Other types of French beans – climbing or pole French beans – will need planting in spring, but if you buy established plants later, these can continue cropping right through to September – perfect if you are looking for continuously productive kitchen garden ideas.  French beans are similar to snap green beans but have extra-slim, flavorful pods. They may be eaten fresh or cooked. The French green bean is thinner and thought to be more tender and flavorful than snap green beans.  Here’s how to grow them, with advice from gardening experts. 

How to grow French beans from seed

Chris Bonnett at Gardening Express (opens in new tab) says, ‘Ideally sow French bean seeds indoors around April, placing them on a windowsill where they can get plenty of sun. Move them outside in late-May, picking a spot that’s warm and sunny.’ ‘If you’re keeping your French beans in the right conditions, they’ll grow pretty quickly. You’ll need to give the climbing beans enough support to grow so don’t forget to attach a support soon after you’ve planted them outside. You can do this with bamboo sticks, just make sure they’re high enough, around 6ft/2m should be fine.’ If you’re looking for vegetable garden ideas that can be sown directly into the soil, French beans will suit. Melinda Myers (opens in new tab), gardening expert, author, and host of The Great Courses’ How to Grow Anything (opens in new tab) DVD series, has the following advice.   ‘Wait until after the danger of frost has passed and daytime soil temperature (taken in the top inch of soil early in the day) is at least 60°F (15.5°C). This is when night temperatures are consistently above 55°F (13°C). Planting in cold soils decreases germination and increases the risk of pests.’ Make additional plantings every two to three weeks for a continuous supply of fresh beans. Make sure you have sufficient time from your last planting to the first fall frost so the beans have time to mature and you have time to harvest before the plants are killed by frost.’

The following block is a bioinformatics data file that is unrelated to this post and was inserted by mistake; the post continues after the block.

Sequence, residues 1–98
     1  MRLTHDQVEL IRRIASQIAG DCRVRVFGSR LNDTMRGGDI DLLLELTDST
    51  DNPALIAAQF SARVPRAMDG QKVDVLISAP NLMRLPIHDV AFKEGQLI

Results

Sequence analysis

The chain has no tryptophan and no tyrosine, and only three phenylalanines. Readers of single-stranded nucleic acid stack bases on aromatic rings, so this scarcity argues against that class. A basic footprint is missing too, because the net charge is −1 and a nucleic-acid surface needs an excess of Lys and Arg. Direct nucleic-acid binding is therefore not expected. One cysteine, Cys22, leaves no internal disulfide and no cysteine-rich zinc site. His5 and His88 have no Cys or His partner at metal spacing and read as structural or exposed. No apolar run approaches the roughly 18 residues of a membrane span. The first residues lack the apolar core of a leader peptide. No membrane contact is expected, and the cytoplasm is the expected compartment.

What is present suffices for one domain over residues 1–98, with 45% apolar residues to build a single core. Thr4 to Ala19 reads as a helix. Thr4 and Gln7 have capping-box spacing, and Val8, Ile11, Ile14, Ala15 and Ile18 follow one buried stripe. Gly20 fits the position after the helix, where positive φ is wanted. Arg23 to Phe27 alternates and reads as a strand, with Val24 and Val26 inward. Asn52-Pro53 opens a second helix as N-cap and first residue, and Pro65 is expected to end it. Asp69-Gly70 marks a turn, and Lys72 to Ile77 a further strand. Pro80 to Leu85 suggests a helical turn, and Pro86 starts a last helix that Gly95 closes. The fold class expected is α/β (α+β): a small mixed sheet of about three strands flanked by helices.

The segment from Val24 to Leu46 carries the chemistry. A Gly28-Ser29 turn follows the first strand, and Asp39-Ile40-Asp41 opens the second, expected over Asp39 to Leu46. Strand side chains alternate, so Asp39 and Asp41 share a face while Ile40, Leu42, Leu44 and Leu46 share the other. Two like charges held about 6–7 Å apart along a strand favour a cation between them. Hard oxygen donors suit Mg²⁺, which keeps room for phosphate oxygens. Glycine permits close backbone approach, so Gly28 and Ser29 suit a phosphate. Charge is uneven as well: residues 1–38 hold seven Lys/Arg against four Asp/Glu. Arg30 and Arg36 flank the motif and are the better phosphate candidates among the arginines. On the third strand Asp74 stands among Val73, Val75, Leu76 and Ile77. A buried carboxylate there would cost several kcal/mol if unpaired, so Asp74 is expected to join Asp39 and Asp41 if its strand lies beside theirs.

Do French beans climb?

Climbing, or pole, French beans climb, as their name suggests – and can make great vegetable garden trellis ideas. They will need supports from canes, trellis, fence or obelisk, a height of about 6ft 6in/2m should be sufficient. Bush or dwarf varieties of French bean have a much stockier habit, don’t climb and don’t generally need plant supports.